Best-selling author Martin Yate, a career coach and former HR professional, takes your questions each week about how to further your career in HR.
I have been an engineer for the past 12 years in the oil and gas industry, and now I want to change careers to HR.
I've taken a basic short course on HRM for non-HR professionals from a reputed school in my country, and I would like to know what other avenues I can pursue to transition into an HR role. My aim is to become an HR business partner where I can make a difference in any organization I am part of.
I live on the Caribbean island of Trinidad and Tobago. Thank you.
The biggest problem with career change is that you usually have to leave most of your skills and credentials behind. Plus, you are older and competing for lower-level jobs usually seen as suitable for younger professionals. So, lack of relevant skills and credentials coupled with ageism can make it harder to get a foothold in a newly chosen career direction.
Nevertheless, career change can become necessary because of personal needs: You don't like your current career any longer, your job has been automated out of existence, or you've lost your job for other reasons.
Career change almost always demands a professional step backward. Make sure there are good odds for that strategic career move to ultimately take you two steps forward.
Choosing a Target Industry and Job
To get where you want to go, you'll need to leverage as much of your experience as possible. You, as an oil and gas engineer, can increase your chances by pursuing a target HR job within the oil and gas sector. You bring an important body of knowledge to the job: You know the language, the ways things are done, the way the industry works and the problems that arise every day. In other words, you already have a broad frame of reference for the challenges to be faced in any HR job in the oil and gas industry.
With a target industry in mind, you want a target job that provides the easiest point of entry into your new professional world. Choosing this is easier when you've thought through the long-term goals of your new career choice. You say you want to become an "HR business partner where I can make a difference." An HRBP is a deeply experienced HR professional who works with senior management to develop HR strategies and tactics that support the business's goals. Relevant industry experience is again a big advantage.
When you have the specific long-term goal of becoming an HRBP in mind, you can determine the easiest points of entry and how they will support reaching that long-term HRBP goal. To do this, evaluate HR job listings (SHRM.org will be invaluable here) in terms of:
- How can my professional background support me in landing this job?
- Once I have the new job, how direct is the path to my long-term professional goals?
HR people make it to HRBP from any number of originating jobs, and there isn't any one best option. However, with your engineering background, there is an obvious choice that jumps out both as a point of entry into HR and a direct course to HRBP: Recruitment, talent acquisition and talent management.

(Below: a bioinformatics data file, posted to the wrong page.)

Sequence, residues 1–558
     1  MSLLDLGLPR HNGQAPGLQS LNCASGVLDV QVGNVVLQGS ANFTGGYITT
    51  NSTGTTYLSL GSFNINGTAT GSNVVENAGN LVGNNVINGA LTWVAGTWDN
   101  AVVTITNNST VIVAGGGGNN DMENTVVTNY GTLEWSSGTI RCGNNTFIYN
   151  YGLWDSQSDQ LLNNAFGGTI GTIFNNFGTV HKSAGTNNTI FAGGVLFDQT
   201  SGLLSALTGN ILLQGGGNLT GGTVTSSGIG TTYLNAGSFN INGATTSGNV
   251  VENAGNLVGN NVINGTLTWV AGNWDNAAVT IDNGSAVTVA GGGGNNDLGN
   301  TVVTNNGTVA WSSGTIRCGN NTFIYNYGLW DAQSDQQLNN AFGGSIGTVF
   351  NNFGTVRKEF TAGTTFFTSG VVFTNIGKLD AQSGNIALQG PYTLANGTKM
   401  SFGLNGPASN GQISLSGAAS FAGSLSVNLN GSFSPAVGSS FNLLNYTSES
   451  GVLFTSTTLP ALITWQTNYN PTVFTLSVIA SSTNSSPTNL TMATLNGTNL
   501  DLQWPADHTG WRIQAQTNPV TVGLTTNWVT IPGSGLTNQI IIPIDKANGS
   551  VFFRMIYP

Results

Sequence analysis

Your background gives you skills and insights that very few HR recruiters have and makes you a standout candidate. Then, once you are in the job, you are directly involved in sourcing the best talent for individual managers and your company.
After that, every recruitment project you work on either helps you build relationships with new managers or deepens bonds with managers you've worked with before—the exact category of people you will work with as an HRBP. You are building management support to champion your HRBP goal.
Finding Missing SkillsThe skills for talent acquisition in technical fields are straightforward and easy to acquire for someone with an engineering degree. Given your technical frame of reference, you can be ready for interviews in two weeks if you follow this simple advice and understand:
- How recruitment works.
- How to objectively define a job's needs.
- How to structure interviews.
- How to help managers become more efficient interviewers.
- What questions you need to ask to quickly screen candidates.
- The deeper questions that will best enable managers to evaluate candidates successfully.
- How to make objective hiring decisions.
- How to get new hires productive fast.
Plumb the resources on SHRM.org to find this information. Webcasts, conferences and events at your local chapter of SHRM will help. Connect with local HR pros with engineering experience who have already made the transition you are planning; they will prove to be resources of invaluable information.
Have a question for Martin about advancing or managing your career? From big issues to small, please feel free to e-mail your queries to YourCareerQA@shrm.org. We'll only publish your first name and city, unless you prefer to remain anonymous—just let us know.
Packed with practical, honest, real-world guidance for successfully navigating common HR career challenges, Martin Yate's new book, The HR Career Guide: Great Answers to Tough Career Questions, is available at the SHRMStore. Order your copy today!